Most people think of fiber in terms of its role in healthy bowel function. Fiber is an integral part of good digestion, and so much more! Many studies have demonstrated that fiber contributes to improved heart health and lower blood cholesterol. Fiber also helps reduce the risk of diabetes and aids in weight loss. Yet, the average adult only gets 10 to 15 grams of fiber a day—that’s only half the recommended daily value.

Fruits and Vegetables

Foods that are good sources of soluble fiber include beans, fruits and nuts.

Fiber is either soluble (dissolves in water) or insoluble (does not dissolve in water); both forms are essential to a healthy diet. Soluble fibers can help lower blood cholesterol and glucose levels. Foods that are good sources of soluble fiber include beans, fruits and nuts.

Insoluble fiber helps move waste through the digestive system to help relieve constipation. Foods with high content of insoluble fiber include whole wheat flour, brown rice, seeds, carrots, cucumbers, zucchini, celery, and tomatoes.

  • Women should eat at least 21 to 25 grams of fiber a day from a variety of food sources.
  • Men should aim for 30 to 38 grams a day.
  • A reasonable minimum recommendation for kids over age 3 is the child’s age plus 5 grams.

It may be easier than you think to fit more fiber into your day:

  • A cup of raspberries has 8 grams of fiber, and a medium sized apple, with the skin, has nearly 4.5 grams.
  • An ounce of almonds (23 nuts) has 3.5 grams of fiber, and even air popped popcorn has 1 or more grams per cup. In general, try to avoid refined and processed foods that are low in fiber and high in calories.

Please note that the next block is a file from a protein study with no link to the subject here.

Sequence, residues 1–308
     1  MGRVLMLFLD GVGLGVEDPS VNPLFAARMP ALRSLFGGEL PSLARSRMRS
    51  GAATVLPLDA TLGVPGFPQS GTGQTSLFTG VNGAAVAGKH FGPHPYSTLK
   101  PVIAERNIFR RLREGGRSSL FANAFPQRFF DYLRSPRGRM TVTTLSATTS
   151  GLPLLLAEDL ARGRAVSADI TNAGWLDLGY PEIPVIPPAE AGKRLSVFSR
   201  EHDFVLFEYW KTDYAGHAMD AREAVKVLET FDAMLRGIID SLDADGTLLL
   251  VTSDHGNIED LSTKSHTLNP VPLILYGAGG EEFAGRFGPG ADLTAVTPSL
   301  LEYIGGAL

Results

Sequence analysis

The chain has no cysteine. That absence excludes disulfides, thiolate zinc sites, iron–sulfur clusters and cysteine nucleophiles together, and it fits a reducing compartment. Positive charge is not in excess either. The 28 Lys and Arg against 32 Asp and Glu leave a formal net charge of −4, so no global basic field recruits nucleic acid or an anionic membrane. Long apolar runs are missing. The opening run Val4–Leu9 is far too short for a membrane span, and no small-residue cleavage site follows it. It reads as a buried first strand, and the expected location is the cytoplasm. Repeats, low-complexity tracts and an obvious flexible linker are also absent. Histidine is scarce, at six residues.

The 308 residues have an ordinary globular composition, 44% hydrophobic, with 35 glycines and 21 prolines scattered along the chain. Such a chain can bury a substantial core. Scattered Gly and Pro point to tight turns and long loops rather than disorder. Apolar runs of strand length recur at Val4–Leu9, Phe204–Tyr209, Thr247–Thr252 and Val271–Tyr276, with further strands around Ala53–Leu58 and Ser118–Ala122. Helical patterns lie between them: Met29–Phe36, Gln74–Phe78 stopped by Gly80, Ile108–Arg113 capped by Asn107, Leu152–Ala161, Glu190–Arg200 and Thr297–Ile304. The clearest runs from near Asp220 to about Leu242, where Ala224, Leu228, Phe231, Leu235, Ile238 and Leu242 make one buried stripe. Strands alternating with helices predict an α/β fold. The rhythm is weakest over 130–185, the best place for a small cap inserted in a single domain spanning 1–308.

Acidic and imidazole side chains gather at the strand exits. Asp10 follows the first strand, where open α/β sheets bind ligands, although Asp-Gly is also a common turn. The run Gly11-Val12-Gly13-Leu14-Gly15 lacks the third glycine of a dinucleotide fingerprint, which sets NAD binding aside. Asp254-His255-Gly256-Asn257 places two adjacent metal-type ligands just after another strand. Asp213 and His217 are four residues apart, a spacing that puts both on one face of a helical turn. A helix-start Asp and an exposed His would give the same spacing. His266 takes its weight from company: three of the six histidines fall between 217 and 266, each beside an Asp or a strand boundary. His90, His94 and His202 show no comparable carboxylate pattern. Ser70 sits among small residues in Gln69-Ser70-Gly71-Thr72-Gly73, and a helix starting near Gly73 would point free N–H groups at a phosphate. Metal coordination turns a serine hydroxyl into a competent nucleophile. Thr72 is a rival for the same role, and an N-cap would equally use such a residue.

• Eat whole grain cereals for breakfast. Some of the boxed cereals at the local grocery store have 3 to 7 grams of fiber per serving.
  • Choose whole wheat bread over white. Pay attention to the labels when selecting bread. Look for a brand with at least 2 grams of dietary fiber per serving.
  • When making salads, use spinach, adding 4 grams of fiber to the dish. • Switch to brown rice or whole wheat pasta, to add 7 to 15 grams of fiber.
  • Eat whole fruit instead of drinking fruit juices and you will get 3 to 10 more grams of fiber. Some fruits high in fiber include dried figs (10 grams), blueberries and pears (4 grams).
  • Add beans, lentils and peas as a side dish to any meal. One half cup of beans or peas packs in up to 10 grams of fiber.
  • Experiment with different types of grains, such as spelt, millet, barley, and quinoa. These grains can add up to 6 grams of fiber.
  • Try to eat fruit, raw vegetables or nuts for a snack. On average, vegetables have 2 to 4 grams of fiber per serving. Peanuts, cashews and walnuts are also good sources of fiber.

If you add fiber too quickly to your diet, it may upset your stomach, so ease into it. Increase your fiber intake over a period of a few weeks to allow the natural bacteria in your digestive system to adjust to the change. Drink plenty of water to help with absorption.

Some people may benefit from fiber supplements if dietary changes are not sufficient, or if you have medical conditions such as constipation or irritable bowel syndrome. Consult with your doctor prior to making sudden changes to your diet.

Sources: National Institutes of Health, American Heart Association, National Cancer Institute, Mayo Clinic, United States Department of Agriculture, LifeWork Strategies EAP, and Washington and Adventist HealthCare Shady Grove Medical Centers. For additional information, consult your physician.